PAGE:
My school is about 98% Windows so I've spent a little time
figuring out how to use the whole system on Windows as well. I've done this in WinXP and Vista. I have no
idea how well it works in Windows 7. The first thing to know
is that you need .Net 3.5
or later. You should install that first.
- Wiimote Connect: This is a must. With the Windows Stack you seem to have to re-add the Wiimote every time you set it up. That means you have to remove the old entry for the Wiimote
from the stack and then find it again. Wiimote Connect does this for
you automatically. You can also set it up to launch another program for
you once it connects. However, it doesn't seem to be compatible with all Bluetooth devices/drivers.
- Smoothboard: There are many different windows options. This one seems to work best for me. But, if Wiimote Connect doesn't work then you may have to set up your Wiimote manually each time you use it.
- If Wiimote Connect doesn't work with your Bluetooth adapter then you may want to try java Wiimote Whiteboard. It is very easy to use, but I when I put it on an older laptop I couldn't use Linktivity Presenter to write on the screen. It wouldn't run on one computer I tried it on (luckily, Wiimote Connect does).
Free program that gives you tools to write/draw on the screen. It will
also save a screen shot with a simple onscree button push.
- Wiimote Analyzer: Again, you really only need this if you teach physics. You must be a member of Wiimote Project to see the download link.
You should also check out and join the Wiimote Project
. This site is a great resource for resolving any trouble you may have.
- Wiimote need's to "see" the whole screen
- Closer is better. Most programs have some way of showing you how much of the potential tracking area you're using. More is always better.
- Can be mounted upside down. I do this in my room.
- Should be placed so that you don't block it while you're using it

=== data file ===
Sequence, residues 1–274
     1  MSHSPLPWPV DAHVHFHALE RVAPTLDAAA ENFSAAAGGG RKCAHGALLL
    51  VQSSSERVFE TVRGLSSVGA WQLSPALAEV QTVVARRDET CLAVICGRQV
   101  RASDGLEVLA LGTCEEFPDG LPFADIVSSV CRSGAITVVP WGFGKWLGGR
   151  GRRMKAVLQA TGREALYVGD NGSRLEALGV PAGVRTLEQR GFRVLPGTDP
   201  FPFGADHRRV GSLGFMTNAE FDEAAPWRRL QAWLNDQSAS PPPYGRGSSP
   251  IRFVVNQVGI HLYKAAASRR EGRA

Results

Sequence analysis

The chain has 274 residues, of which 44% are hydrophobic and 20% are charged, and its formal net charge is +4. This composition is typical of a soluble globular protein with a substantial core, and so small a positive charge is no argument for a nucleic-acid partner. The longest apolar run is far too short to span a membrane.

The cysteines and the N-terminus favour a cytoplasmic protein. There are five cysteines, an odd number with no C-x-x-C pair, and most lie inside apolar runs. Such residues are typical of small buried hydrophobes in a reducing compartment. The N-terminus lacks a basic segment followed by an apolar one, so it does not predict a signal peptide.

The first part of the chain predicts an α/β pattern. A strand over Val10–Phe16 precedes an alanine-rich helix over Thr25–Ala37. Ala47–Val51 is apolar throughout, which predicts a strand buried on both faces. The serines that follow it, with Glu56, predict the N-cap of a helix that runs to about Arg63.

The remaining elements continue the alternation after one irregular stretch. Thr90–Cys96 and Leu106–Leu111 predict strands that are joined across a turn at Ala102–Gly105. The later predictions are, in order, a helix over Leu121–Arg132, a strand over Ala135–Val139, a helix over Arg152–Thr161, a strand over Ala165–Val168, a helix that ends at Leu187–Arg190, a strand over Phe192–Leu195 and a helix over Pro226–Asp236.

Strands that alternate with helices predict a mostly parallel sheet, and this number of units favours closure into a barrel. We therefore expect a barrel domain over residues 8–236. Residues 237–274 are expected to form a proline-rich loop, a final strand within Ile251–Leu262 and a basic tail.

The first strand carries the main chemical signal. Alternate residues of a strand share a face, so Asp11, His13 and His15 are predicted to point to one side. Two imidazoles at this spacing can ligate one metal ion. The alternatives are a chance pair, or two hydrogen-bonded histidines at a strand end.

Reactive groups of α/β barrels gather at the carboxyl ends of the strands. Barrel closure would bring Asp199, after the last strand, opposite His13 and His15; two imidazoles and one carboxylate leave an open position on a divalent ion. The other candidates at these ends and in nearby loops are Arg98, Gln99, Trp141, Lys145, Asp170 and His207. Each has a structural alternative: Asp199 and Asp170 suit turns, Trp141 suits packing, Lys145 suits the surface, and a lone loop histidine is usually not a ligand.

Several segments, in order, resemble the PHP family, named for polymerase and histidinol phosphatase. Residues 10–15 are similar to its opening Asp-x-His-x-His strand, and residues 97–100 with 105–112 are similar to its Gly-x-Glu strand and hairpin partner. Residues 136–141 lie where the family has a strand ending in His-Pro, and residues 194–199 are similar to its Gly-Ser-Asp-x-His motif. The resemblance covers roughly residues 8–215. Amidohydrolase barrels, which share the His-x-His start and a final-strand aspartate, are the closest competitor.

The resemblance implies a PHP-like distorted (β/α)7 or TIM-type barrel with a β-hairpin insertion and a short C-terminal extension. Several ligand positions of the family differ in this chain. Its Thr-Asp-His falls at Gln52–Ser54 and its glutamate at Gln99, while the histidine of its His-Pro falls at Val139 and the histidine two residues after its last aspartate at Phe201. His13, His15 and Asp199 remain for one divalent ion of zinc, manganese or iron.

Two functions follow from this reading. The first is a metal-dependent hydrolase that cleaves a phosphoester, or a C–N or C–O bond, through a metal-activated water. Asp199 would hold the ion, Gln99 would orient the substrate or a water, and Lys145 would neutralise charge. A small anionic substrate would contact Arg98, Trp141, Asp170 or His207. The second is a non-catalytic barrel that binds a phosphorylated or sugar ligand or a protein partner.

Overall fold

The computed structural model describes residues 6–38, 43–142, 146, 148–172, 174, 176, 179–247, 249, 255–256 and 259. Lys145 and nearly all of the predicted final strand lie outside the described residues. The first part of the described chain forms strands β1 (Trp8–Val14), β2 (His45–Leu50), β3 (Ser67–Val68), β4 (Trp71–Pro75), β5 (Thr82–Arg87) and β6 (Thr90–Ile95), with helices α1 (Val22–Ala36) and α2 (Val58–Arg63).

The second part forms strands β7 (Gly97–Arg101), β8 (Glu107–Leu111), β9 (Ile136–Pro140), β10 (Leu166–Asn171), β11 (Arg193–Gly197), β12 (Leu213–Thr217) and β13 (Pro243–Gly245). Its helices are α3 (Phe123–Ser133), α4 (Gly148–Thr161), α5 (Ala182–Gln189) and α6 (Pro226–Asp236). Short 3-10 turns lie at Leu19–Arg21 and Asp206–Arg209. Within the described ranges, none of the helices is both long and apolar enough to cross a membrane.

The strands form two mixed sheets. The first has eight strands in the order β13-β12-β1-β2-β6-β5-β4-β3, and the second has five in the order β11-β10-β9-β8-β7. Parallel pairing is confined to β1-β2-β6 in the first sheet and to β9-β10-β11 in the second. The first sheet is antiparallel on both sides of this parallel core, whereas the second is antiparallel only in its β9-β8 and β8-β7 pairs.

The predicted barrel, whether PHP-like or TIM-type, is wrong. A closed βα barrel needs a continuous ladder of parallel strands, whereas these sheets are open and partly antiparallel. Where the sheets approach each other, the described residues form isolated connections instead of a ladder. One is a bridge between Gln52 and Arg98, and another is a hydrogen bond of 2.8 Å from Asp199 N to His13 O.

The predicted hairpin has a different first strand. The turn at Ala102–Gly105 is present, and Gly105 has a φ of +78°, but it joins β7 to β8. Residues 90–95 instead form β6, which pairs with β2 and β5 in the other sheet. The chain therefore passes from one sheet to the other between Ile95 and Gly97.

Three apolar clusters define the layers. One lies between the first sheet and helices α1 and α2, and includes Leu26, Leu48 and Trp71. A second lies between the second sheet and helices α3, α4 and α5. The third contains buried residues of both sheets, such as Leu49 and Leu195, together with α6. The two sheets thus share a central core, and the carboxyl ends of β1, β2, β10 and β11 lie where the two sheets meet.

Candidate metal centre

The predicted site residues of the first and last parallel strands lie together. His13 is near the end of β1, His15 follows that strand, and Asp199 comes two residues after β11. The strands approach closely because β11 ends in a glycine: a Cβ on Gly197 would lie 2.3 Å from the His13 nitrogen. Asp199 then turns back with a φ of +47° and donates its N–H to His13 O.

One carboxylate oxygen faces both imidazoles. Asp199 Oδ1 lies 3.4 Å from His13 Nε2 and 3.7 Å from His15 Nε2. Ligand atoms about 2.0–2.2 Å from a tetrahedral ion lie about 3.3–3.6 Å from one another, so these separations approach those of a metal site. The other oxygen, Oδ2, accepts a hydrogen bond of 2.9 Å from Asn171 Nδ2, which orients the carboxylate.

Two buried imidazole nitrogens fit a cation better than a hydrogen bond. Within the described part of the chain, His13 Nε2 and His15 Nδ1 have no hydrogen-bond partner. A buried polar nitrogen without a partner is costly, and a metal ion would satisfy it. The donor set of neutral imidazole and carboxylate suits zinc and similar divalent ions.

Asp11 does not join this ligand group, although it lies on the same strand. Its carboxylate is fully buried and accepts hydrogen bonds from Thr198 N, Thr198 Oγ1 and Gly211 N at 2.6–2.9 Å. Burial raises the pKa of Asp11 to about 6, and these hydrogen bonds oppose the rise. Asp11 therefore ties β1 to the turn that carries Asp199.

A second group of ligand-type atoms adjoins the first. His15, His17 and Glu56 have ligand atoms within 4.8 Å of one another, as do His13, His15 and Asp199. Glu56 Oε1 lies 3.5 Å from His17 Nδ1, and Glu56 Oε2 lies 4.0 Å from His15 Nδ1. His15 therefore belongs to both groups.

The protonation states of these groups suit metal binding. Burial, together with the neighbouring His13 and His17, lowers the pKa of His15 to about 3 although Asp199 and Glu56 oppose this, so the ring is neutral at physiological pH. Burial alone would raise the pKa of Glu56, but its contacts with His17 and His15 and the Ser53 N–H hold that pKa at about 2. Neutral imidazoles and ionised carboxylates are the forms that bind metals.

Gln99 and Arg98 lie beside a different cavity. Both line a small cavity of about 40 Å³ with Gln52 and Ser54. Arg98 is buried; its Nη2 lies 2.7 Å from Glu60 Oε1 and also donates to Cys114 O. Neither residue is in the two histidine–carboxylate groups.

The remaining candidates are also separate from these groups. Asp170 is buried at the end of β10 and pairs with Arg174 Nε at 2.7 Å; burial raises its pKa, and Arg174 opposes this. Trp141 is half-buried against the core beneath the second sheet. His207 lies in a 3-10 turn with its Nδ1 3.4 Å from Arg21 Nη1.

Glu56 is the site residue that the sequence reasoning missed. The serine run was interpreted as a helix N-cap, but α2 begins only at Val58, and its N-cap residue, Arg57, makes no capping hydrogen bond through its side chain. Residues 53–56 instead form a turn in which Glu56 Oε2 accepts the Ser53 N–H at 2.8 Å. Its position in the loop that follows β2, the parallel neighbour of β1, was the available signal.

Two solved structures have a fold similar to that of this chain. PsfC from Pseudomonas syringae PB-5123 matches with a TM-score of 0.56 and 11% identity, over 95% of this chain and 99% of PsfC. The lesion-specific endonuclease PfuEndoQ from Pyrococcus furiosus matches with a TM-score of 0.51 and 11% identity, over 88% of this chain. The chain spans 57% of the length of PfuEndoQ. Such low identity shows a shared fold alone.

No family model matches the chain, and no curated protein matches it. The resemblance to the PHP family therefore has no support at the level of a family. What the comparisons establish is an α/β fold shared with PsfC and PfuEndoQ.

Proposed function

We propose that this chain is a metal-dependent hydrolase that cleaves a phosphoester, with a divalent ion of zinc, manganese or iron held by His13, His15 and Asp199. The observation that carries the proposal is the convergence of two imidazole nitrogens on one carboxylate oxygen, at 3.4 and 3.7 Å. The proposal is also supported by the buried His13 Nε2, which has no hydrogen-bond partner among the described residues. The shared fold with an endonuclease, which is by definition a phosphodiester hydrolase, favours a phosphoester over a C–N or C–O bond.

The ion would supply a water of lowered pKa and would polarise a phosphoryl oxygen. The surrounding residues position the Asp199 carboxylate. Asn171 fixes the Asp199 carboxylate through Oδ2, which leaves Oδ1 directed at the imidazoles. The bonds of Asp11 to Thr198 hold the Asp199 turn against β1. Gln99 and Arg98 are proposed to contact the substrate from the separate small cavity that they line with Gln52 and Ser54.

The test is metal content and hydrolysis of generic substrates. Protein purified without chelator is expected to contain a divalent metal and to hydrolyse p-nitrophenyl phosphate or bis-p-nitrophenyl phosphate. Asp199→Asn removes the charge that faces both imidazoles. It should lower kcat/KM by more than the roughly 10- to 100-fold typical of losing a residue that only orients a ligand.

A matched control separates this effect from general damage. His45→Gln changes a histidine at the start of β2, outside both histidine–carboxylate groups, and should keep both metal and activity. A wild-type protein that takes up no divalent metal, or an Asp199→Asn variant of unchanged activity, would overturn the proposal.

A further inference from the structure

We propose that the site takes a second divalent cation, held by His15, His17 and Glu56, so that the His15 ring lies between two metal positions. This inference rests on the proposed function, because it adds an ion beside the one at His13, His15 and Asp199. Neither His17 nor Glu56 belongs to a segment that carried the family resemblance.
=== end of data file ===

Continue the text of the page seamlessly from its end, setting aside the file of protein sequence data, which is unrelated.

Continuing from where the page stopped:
usually place it high and to the side (this depends on handedness),
although I've also had good luck with it sitting directly on top of my ceiling mounted
- Check the battery in your IR Pen. Any digital camera will work. I usually use the one on my phone. Just point the LED at the camera and push the button. You should be able to see the IR light from the LED in the camera's display. This is also a good way to check your TV or DVD player remote.
issues of any kind? I've had good luck when I keep the lights flashing
on my wiimote during to whole setup process. If they stop flashing,
just poke buttons 1&2 again. Occasionally I have to run through the set-up twice to get it all to work.
- Calibration problem - First calibration point works, but the second one never shows up? This can happen if you set up the wiimote and then set up the projector. It happens when the computer changes the screen resolution to match the projector. To solve this: Set up your projector first and then set up your wiimote.
- In Windows XP, it worked the first time you tried and now won't work at all? You have to remove the Wiimote from the bluetooth stack and re-add it each time you set it up. Easiest way to solve this, download and use Wiimote Connect.
- Can't get bluetooth to work at all - Look at the list of known working bluetooth adapters and see if yours is on it. There may also be some notes telling you how to get yours working.
So you've got your interactive white board. Now What?
- TI-83 Emulator - This is a great way to teach students how to use their calculators. You'll need a link cable to the computer the first time you use this, but after that you don't.
- Phun - 2D Physics Sandbox. I call it the poor man's Interactive Physics.
- PhET - These are great simulations whether you have an interactive whiteboard or not.
- World of Goo
game for Wii, Windows, Mac, or Linux. It is not free, but you can
download the demo
- Crayon Physics - I
haven't tried this one yet, but if your computer will run it, it's
supposed to be really good. (Windows only, not free so try the demo
- Auditorium - Puzzle game that is almost a bit of vector addition. But mainly it's just fun to play. Free demo online or you can buy a download and get a lot more levels.
- Gravity - Launch your rocket and try to hit the earth. Seems like I saw a version of this that ran as flash on the web, but I can't find it right now.